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Mailbag: Do Cowboys still value RB position?


I was completely shocked the Cowboys did not select at least one running back in the draft. I feel it is such a dire need so as to not be a one-dimensional offense. And I just don't see Ezekiel Elliott being the No. 1 back. Does the organization just not value the running back position anymore? – Jamie Cione/Montgomery, NY

Nick Eatman: I think that's pretty strong. I wouldn't say it's not valued. The Cowboys had intentions of drafting a back, as early as the second round. But every time it got to that pick, they felt like there were better options. If that's your way of saying they don't value it the same, I guess that would be fair. But I know, they were in discussions to take a back in just about every round. So I don't think it's not valued, I think they believe the options this year, didn't make the most sense. But there is probably a mindset that focuses a little more on building the offensive line back up and fixing the blocking schemes. If that can happen, then it's a big step in fixing the running game as a whole. Something tells me they're even done addressing the position, even after Zeke officially signs.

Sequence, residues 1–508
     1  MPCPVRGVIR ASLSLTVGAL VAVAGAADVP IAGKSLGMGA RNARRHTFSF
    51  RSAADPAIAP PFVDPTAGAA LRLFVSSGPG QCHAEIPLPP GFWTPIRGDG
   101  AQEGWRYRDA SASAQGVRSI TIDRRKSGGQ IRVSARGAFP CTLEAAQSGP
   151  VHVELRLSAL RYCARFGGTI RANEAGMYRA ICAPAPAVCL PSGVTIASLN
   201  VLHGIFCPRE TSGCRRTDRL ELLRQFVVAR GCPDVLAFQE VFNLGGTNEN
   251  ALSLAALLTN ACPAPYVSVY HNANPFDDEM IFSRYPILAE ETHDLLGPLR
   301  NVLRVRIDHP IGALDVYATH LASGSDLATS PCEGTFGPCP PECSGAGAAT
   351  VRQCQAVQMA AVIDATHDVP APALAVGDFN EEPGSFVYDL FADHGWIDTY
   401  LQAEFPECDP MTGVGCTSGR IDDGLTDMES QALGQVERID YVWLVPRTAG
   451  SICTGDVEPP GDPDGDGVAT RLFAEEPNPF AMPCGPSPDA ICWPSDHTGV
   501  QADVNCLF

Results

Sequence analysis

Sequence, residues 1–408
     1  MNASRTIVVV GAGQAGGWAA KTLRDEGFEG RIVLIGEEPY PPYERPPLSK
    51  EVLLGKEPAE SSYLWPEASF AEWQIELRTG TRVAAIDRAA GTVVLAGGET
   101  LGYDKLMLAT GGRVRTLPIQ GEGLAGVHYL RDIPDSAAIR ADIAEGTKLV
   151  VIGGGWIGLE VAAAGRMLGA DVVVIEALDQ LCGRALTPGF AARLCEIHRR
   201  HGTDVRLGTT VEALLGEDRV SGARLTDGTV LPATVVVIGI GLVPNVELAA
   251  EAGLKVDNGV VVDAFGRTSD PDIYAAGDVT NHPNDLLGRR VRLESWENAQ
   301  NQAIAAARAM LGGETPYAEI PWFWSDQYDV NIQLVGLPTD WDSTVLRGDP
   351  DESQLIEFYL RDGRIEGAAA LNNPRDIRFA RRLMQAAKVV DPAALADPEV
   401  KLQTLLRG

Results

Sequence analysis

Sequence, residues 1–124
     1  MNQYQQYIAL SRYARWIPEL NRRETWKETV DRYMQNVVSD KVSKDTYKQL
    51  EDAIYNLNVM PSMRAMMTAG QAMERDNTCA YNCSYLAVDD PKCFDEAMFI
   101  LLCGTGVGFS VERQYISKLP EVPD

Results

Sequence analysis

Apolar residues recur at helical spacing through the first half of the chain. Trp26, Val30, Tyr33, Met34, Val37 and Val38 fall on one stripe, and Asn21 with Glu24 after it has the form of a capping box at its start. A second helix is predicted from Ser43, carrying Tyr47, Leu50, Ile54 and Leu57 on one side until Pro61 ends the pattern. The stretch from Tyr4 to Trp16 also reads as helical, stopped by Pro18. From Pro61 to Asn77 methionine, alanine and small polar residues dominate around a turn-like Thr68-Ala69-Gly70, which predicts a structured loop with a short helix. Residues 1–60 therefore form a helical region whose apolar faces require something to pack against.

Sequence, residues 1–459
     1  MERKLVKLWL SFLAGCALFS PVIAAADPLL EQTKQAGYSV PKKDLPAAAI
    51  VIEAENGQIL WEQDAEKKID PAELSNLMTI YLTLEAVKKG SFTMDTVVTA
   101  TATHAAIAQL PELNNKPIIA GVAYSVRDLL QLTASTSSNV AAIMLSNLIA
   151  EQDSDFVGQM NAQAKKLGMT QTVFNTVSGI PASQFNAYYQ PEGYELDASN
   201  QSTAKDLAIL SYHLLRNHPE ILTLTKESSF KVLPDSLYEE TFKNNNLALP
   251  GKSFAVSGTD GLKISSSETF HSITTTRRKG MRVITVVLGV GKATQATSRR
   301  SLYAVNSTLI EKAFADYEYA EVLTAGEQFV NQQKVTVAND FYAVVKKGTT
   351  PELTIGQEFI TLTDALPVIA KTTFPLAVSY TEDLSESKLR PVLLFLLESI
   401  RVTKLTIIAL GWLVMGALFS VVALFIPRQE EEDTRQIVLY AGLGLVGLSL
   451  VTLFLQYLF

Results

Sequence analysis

Kurt: The Cowboys still value the running back position … to a certain extent. Yes, they want to have a balanced offense, but in today's NFL, it doesn't always make sense to spend a ton of money or high draft picks on the position. Not when production can be found at less of an expense. They definitely were interested in drafting a running back, but simply found greater value on their board in other areas. They obviously focused on the offensive line with two of their top three and three of their eight overall selections being big blockers. In turn, a stronger line should bring better production from whoever is running the ball. And you're right, Elliott is likely not the answer in terms of being a No. 1 back, but he can hopefully be a contributing piece to the rushing attack. The days of one running back carrying the load are largely going away with teams committing to a committee approach. Consider that last season Derek Henry led the NFL with 280 carries, which was the fewest to top the league since 1964 (Jim Brown, 280). The last time no one reached 300 rushing attempts in a season came in 1990 (Earnest Byner, 297). Having a sound ground game is no doubt important to this team's success, but the traditional way of going about doing it continues to change. Both for the Cowboys and the NFL as a whole.

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